Determination of Dynamic Modulus Master Curve of Damaged Asphalt Pavements for Mechanistic–Empirical Pavement Rehabilitation Design

For pavement rehabilitation design, the current mechanistic–empirical (ME) pavement design guide provides three levels of analysis methodology to determine dynamic modulus master curves for existing asphalt pavements. First, the ME pavement design guide recommends that Witczak’s predictive equation is employed to obtain the “undamaged” modulus master curve. Depending on the chosen level of analysis, either a falling weight deflectometer test (Level 1) or a condition survey (Levels 2 and 3) is conducted to determine the damage factor(s). The damage factor is used to shift the undamaged master curve downward to match the field conditions and obtain the “damaged” master curve. In this study, two pavement structures in North Carolina Highway 96 were selected to evaluate the accuracy of the ME pavement design guide using its three levels of analysis. Because this roadway is a multilayer full-depth pavement, the extracted field cores were divided into a top layer, bottom layer, and total core for investigative and comparative purposes. Accordingly, both laboratory measurements and pavement ME predictions of the dynamic modulus values were conducted separately. Results show that the predicted undamaged master curves are always higher than the measured master curves and Levels 1, 2, and 3 can each lead to significantly different damaged master curves. Considering both efficiency and accuracy for transportation agency practice, the Level 1 method is recommended, and if the existing pavement is a multilayered asphalt pavement, a total core extracted from all the layers is recommended to generate the input properties for Witczak’s predictive equation.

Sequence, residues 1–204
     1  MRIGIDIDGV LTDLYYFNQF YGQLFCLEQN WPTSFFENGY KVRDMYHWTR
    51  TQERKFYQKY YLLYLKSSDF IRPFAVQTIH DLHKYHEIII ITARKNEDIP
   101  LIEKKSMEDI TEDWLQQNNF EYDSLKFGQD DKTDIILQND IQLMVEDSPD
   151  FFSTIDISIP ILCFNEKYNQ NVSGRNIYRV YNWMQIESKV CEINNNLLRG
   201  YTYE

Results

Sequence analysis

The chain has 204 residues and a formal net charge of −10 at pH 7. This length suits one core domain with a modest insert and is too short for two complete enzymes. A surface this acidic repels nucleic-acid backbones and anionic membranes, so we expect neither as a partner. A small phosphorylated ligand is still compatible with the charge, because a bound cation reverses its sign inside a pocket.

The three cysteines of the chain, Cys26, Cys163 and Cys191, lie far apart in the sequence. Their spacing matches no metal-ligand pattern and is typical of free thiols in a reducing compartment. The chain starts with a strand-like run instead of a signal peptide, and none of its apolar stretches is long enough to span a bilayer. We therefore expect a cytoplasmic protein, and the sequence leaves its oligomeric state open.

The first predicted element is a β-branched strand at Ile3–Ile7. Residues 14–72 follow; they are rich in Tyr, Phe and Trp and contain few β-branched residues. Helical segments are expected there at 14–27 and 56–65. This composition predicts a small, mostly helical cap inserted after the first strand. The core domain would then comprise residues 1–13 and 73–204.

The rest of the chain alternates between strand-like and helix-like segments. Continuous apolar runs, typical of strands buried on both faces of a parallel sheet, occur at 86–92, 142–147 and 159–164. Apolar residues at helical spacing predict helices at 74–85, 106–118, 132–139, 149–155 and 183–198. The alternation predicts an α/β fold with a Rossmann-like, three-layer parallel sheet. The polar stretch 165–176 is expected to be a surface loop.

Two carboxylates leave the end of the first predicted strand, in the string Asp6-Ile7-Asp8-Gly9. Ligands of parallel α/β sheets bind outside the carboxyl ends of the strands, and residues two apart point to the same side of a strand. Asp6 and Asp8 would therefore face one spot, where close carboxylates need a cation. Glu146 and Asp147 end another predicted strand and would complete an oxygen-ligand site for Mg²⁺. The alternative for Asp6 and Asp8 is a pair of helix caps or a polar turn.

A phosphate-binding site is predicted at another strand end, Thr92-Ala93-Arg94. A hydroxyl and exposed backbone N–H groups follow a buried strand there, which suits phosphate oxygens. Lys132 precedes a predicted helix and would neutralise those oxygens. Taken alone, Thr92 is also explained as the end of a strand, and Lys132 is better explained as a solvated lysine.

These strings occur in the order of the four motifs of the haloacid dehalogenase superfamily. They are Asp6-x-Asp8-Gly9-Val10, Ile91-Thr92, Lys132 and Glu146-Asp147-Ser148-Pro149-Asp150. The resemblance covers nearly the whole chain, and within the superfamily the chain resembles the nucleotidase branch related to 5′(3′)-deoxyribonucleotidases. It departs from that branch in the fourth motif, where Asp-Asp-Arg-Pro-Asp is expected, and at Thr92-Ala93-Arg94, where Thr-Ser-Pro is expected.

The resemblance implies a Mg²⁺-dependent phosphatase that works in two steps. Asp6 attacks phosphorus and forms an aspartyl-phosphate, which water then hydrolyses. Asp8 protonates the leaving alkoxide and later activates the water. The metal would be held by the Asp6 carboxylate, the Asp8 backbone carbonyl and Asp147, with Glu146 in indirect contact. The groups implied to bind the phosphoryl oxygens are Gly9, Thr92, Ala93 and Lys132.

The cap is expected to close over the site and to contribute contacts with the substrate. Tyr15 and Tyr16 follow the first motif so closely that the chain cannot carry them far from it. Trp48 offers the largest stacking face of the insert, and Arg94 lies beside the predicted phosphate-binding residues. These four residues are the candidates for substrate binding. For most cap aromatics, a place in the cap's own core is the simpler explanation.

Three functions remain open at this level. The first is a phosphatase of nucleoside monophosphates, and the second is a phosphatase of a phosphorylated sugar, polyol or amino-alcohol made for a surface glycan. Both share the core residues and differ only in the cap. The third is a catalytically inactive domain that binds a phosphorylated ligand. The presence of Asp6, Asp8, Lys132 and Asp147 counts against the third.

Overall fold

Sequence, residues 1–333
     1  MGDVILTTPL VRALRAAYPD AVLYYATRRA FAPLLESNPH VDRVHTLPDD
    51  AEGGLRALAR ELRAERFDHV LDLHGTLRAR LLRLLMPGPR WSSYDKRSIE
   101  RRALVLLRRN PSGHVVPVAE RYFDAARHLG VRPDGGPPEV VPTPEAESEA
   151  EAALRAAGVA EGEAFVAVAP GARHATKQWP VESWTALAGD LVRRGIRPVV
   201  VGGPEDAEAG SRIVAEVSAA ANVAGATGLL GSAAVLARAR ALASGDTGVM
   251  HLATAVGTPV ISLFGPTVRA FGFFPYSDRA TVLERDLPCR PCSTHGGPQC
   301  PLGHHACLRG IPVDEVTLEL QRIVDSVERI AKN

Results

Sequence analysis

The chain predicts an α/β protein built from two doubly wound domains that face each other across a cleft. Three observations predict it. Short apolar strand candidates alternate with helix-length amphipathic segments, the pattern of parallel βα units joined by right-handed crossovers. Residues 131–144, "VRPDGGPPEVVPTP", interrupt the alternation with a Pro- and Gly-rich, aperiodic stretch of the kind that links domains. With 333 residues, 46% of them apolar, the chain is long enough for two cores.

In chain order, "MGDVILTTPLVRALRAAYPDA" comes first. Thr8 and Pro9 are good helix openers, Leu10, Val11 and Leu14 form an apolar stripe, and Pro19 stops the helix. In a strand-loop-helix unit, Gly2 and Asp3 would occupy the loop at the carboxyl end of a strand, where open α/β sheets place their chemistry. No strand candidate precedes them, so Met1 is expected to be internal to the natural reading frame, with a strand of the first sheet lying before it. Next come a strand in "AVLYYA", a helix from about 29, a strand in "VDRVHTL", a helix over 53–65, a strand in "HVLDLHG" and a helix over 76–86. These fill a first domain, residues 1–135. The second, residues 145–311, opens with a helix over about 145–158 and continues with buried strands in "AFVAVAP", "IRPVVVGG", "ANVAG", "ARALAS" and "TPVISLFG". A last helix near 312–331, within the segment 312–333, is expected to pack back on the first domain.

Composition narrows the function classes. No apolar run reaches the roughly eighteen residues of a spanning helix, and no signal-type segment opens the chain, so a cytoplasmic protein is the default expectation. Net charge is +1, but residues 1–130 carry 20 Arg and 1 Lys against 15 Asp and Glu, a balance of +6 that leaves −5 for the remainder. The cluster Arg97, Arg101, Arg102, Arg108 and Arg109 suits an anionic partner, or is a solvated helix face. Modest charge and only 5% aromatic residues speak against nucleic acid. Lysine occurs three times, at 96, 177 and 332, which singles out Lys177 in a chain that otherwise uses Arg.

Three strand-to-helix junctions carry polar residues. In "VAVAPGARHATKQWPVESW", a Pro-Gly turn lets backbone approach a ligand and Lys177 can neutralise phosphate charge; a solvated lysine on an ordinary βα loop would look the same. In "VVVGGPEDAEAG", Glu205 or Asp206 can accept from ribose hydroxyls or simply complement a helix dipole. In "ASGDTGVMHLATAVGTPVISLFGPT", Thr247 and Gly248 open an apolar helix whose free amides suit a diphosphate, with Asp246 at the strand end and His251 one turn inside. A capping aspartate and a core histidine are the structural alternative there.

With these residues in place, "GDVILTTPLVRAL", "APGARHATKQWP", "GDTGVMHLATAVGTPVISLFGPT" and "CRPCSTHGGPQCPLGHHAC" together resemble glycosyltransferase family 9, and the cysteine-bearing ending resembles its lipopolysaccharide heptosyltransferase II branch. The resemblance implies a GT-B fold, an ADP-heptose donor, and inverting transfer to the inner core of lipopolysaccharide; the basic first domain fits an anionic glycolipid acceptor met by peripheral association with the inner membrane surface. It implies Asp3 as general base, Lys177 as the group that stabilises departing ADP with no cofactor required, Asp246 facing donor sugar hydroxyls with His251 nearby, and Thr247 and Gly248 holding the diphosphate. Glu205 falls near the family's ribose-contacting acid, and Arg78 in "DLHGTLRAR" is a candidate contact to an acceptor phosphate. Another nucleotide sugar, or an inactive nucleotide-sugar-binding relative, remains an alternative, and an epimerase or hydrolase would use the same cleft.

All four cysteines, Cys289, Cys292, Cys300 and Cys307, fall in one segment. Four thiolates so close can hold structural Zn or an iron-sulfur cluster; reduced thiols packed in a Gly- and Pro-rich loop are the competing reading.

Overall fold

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  • Accession Number: 01763701
  • Record Type: Publication
  • Report/Paper Numbers: TRBAM-21-03651
  • Files: TRIS, TRB, ATRI
  • Created Date: Dec 23 2020 11:09AM